The stock market is still extremely volatile and predicting what happens next is harder than it looks.
Consequently, I’m continuing to advise sticking with reliable high-dividend payers that will pay you to wait for the market to settle down, and when it does, hopefully reward you with worthwhile capital gains.
Previously, I’ve provided ideas along those lines using real estate investment trusts and exchange-traded funds. Today, I’ll do the same using closed-end funds.
CEFs are similar to conventional mutual funds. However, unlike conventional funds that create new shares as needed, CEFs only issue a fixed number of shares at the initial public offering, and after that, those shares trade on the open market just like stocks.
Many CEFs employ leverage, meaning that they borrow cash to increase returns. For instance, they might pay 2% to borrow funds that they then could invest to earn 4%. Using leverage often allows CEFs to outperform mutual funds and ETFs with similar portfolios.
There’s one more important difference to consider. While mutual funds and ETFs trade close to the per share value (net asset value or NAV) of their holdings, CEFs usually trade at premiums or discounts. Ideally, you’d like to stick with funds trading at discounts, but sometimes you’ll have to pay a premium to get better returns.
Here are four CEFs worth considering.
• Eaton Vance Senior Floating Rate (ticker: EFR): Pays monthly dividends equating to an 8% annual yield. It holds floating rate bonds which are bonds with interest rates that vary with a specified benchmark such as the federal funds rate. Their valuations are more stable than fixed rate bonds that lose value when market rates rise. This fund has lost 7% over the past 12 months compared to a 9% loss for the S&P 500. However, it has averaged 5% annually for the past three years and 3% annually for five years. It recently traded at a 4% discount to its net asset value (NAV).
• Cohen & Steers real estate investment trust and Preferred Income (RNP): Pays monthly (7.1% yield). Holds a mix of Real Estate Investment Trust (REIT) common stocks and real estate-related fixed income securities such as bonds and preferred stocks. Down 6.1% for 12 months, it has averaged 8% and 9% annually over three and five years. Recently traded at a 4% discount.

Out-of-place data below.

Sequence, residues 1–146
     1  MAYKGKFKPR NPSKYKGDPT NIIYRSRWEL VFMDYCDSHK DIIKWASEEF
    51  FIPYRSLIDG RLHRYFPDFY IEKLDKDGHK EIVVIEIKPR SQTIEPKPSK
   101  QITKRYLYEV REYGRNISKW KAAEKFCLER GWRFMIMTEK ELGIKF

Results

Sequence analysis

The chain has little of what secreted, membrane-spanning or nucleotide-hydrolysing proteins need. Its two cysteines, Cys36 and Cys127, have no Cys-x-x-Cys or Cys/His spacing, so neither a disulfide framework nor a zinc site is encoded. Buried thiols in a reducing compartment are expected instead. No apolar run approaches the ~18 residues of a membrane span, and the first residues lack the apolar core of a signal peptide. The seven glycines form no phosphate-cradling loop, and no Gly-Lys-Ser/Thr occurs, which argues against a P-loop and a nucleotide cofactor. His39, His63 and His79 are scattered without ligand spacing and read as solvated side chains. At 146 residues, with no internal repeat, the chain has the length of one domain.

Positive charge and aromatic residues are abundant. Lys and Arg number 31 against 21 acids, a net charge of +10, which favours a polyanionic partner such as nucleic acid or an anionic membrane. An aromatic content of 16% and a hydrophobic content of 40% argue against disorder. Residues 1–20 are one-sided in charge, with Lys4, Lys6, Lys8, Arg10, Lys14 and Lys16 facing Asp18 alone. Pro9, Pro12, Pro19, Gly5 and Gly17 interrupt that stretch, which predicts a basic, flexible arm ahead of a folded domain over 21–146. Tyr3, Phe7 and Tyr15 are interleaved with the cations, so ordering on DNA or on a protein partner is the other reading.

• Source Capital (SOR): Pays monthly dividends (6.4% yield). Holds a mix of common stocks and bonds. For stocks, selections depend on market conditions. Currently most are in the financial services, communication services, and technology sectors. Its bond portfolio varies with market conditions and can range from U.S. treasuries to high-yield bonds. Source Capital has dropped 7.6% over 12 months, but has averaged 7% annually for three years, and 6% annually for the past five years. Recently traded at a 9% discount to its NAV.
• Nuveen Core Equity Alpha (JCE): Pays quarterly (10.9% yield). Holds large-cap common stocks. Biggest holdings include Apple (AAPL), Microsoft (MSFT), Alphabet GOOG), Amazon (AMZN), and United Health Group (UNH). It also employs an options strategy to enhance returns. It’s down 2% for 12 months, but has averaged 11% and 10% annually for three and five years. Recently traded at a 3% premium.
Those are my picks. But do your own research. The more you know about your funds, the better your results.
Harry Domash of Aptos publishes the Winning Investing and the Dividend Detective websites. Contact him at www.winninginvesting.com or Santa Cruz Sentinel, 324 Encinal St., Santa Cruz, CA 95060. To see previous Domash columns, visit santacruzsentinel.com/topic/Harry_Domash.